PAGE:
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Response of atmospheric pCO2 to a strong AMOC weakening under climate change
  • Amber Adore Boot,
  • Anna S. von der Heydt,
  • Henk A. Dijkstra
Amber Adore Boot
Institute for Marine and Atmospheric Research Utrecht

Corresponding Author:[email protected]

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Anna S. von der Heydt
Institute for Marine and Atmospheric research Utrecht, Utrecht University
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Henk A. Dijkstra
Institute for Marine and Atmospheric research Utrecht
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The Earth System is warming due to anthropogenic greenhouse gas emissions which increases the risk of passing a tipping point in the Earth System, such as a collapse of the Atlantic Meridional Overturning Circulation (AMOC). An AMOC weakening can have large climate impacts which influences the marine and terrestrial carbon cycle and hence atmospheric pCO2. However, the sign and mechanism of this response are subject to uncertainty. Here, we use a state-of-the-art Earth System Model, the Community Earth System Model v2 (CESM2), to study the atmospheric pCO2 response to an AMOC weakening under low (SSP1-2.6) and high (SSP5-8.5) emission scenarios. A freshwater flux anomaly in the North Atlantic strongly weakens the AMOC, and we simulate a weak positive pCO2 response of 0.45 and 1.3 ppm increase per AMOC decrease in Sv for SSP1-2.6 and SSP5-8.5, respectively. For SSP1-2.6 this response is driven by both the oceanic and terrestrial carbon cycles, whereas in SSP5-8.5 it is solely the ocean that drives the response. However, the spatial patterns of both the climate and carbon cycle response are similar in both emission scenarios over the course of the simulation period (2015-2100), showing that the response pattern is not dependent on cumulative CO2 emissions up to 2100. Though the global atmospheric pCO2 response might be small, locally large changes in both the carbon cycle and the climate system occur due to the AMOC weakening, which can have large detrimental effects on ecosystems and society.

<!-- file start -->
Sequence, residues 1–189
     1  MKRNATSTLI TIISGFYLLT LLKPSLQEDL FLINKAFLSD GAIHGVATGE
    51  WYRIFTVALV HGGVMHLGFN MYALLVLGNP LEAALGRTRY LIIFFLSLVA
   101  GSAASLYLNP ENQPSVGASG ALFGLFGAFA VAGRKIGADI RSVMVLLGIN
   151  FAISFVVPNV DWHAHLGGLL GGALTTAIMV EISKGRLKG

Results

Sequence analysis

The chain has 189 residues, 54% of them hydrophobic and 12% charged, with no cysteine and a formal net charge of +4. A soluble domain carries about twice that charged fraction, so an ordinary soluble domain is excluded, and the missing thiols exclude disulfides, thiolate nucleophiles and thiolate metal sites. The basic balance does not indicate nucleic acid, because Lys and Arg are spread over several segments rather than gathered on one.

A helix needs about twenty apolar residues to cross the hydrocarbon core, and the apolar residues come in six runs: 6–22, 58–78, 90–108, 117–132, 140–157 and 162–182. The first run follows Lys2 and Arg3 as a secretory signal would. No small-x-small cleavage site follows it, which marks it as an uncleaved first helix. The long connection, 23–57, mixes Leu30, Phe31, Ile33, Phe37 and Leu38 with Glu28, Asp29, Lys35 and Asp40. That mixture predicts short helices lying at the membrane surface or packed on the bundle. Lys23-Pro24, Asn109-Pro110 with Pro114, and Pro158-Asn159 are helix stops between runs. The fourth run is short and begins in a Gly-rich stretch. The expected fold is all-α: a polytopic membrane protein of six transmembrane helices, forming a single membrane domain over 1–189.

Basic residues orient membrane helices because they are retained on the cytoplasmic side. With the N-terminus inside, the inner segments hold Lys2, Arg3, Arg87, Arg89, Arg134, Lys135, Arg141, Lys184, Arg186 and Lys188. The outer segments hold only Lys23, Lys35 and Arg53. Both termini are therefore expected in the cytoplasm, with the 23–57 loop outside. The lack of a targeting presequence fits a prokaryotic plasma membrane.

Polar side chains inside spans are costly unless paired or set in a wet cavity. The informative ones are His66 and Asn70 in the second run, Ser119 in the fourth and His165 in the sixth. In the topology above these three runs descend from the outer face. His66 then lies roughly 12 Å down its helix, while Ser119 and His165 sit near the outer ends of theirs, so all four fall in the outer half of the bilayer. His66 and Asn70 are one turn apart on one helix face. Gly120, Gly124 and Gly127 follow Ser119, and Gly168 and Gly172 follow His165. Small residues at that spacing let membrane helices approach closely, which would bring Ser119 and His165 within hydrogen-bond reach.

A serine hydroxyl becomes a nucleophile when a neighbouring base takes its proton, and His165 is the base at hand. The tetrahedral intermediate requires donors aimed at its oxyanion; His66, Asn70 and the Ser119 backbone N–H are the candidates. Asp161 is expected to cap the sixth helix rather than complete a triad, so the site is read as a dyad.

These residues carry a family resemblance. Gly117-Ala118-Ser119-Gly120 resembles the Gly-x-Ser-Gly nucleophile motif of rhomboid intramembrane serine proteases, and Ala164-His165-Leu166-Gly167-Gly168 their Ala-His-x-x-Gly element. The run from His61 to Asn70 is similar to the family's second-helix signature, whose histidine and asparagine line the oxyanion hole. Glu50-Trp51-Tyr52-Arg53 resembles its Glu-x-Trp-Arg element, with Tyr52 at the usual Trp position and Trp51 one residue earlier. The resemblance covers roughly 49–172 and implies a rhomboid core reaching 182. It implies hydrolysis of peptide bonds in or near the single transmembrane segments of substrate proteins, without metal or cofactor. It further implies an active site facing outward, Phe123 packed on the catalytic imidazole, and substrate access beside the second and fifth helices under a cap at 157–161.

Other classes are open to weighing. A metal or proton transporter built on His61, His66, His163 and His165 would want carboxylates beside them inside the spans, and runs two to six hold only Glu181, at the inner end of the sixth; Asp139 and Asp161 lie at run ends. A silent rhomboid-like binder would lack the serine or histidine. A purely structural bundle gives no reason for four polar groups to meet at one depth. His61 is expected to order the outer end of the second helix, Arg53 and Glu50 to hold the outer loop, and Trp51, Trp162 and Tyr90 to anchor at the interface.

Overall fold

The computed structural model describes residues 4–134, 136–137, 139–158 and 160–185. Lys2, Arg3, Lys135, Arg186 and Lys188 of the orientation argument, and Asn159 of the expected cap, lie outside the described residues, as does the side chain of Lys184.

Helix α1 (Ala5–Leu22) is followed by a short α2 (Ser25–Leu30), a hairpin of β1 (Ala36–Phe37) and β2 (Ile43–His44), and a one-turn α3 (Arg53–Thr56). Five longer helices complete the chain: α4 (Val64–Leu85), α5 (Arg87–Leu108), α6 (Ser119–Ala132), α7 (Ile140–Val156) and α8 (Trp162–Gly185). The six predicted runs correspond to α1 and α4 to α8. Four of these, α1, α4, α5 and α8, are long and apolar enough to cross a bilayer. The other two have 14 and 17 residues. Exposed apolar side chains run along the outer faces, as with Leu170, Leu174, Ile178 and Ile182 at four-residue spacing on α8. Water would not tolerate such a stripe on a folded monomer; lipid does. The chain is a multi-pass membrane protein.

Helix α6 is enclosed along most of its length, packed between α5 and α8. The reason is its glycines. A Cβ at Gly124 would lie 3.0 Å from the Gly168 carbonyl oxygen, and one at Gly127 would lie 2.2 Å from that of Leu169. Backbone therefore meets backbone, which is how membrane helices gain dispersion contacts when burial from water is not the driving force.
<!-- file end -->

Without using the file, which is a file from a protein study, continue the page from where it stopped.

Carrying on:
26 Sep 2023Submitted to ESS Open Archive
30 Sep 2023Published in ESS Open Archive